The University of Toronto (UT) recently unveiled a proposal for the Harbord Residence, a 10-story graduate dorm building designed by Los Angeles-based firm Michael Maltzan Architecture, with local firm architectsAlliance serving as the architect of record, for the St. George campus north of Downtown Toronto. Currently pending approval from the University Council, the proposal would provide housing for over 200 graduate students as well as much-need social and study spaces for the 180-acre campus.
“One of the things we wanted the architect to do for us was to have the ground plane be a more welcoming place for the broader community—for our neighbours and other U of T community members to come in,” said Anne Macdonald, the university’s assistant vice-president of ancillary services, according to a press statement. “As you go up the building, there are different levels of community-building, with shared spaces and private spaces upstairs.” The ground floor would contain a food court and retail space, while the upper floors would host common lounges, meeting spaces, and quiet study rooms which, according to the university, would be designed to accommodate group work.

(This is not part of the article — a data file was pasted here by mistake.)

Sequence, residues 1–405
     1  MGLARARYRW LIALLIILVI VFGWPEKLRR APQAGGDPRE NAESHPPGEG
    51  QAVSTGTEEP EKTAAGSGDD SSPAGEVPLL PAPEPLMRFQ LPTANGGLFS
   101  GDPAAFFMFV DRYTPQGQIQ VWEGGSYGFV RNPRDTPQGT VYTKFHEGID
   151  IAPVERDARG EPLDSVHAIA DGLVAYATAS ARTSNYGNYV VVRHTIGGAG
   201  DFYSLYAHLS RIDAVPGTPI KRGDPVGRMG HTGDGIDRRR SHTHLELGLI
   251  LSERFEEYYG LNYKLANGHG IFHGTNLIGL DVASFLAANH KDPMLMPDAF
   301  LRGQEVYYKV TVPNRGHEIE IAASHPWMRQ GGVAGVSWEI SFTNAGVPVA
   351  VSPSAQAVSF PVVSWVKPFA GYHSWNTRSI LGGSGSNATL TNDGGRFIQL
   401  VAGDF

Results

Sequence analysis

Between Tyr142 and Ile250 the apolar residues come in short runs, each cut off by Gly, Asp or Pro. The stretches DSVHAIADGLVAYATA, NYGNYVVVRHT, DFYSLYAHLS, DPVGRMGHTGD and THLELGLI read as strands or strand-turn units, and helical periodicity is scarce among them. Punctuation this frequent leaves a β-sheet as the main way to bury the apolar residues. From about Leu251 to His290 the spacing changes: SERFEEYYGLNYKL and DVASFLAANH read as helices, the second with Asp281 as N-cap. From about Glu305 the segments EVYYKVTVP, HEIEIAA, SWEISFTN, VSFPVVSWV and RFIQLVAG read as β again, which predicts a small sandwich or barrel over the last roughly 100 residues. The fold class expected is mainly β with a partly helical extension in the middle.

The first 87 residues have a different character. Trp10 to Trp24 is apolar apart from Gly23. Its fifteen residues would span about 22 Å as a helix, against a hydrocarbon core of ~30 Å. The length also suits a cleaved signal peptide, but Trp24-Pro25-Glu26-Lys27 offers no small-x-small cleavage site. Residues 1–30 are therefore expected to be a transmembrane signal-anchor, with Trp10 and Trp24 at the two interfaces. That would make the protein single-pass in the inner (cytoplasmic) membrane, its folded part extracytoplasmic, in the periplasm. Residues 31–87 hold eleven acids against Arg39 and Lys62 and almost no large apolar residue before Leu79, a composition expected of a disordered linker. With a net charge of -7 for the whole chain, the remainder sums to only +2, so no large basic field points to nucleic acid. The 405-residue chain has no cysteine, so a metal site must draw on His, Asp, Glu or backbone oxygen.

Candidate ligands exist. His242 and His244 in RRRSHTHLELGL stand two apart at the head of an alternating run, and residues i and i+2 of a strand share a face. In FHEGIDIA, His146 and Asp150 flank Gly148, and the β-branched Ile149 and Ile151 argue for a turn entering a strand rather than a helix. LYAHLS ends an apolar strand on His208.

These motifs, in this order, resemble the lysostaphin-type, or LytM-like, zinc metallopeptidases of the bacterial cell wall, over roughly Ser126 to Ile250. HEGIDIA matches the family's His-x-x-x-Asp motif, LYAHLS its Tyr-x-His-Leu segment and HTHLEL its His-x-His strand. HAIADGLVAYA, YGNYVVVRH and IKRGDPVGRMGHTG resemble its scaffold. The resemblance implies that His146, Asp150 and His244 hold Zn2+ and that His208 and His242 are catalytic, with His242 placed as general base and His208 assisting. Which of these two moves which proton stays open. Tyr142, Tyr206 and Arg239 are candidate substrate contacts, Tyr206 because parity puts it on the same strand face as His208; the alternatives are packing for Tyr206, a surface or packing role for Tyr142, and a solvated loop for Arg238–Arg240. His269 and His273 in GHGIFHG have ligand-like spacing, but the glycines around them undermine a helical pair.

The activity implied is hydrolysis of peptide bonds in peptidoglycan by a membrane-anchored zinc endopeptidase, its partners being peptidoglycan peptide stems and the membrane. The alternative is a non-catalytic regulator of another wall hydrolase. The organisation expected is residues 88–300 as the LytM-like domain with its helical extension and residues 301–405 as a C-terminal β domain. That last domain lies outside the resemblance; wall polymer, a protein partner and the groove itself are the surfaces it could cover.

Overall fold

While clad in red brick to blend into its relatively squat surroundings (representing a rare deviation from the firm’s penchant for all-white facades), the Harbord Residence is also designed to stand out, most notably through the addition of a gestural window layout on its narrowest elevation that contrasts the overall rectilinear geometry. The building will be further integrated into the campus by physically sharing its amenities with those of The Graduate House, a neighboring dorm building completed by the Los Angeles-based Morphosis in 2000, via an underground pedestrian tunnel and a sky bridge on the third level.
If approved, construction on the Harbord Residence would break ground this fall and be completed by the end of 2022. The firm was commissioned to design the dorm as a part of the university’s ‘Four Corners’ strategy,’ which intends to add approximately 2,500 units of housing to the campus over the next 15 years.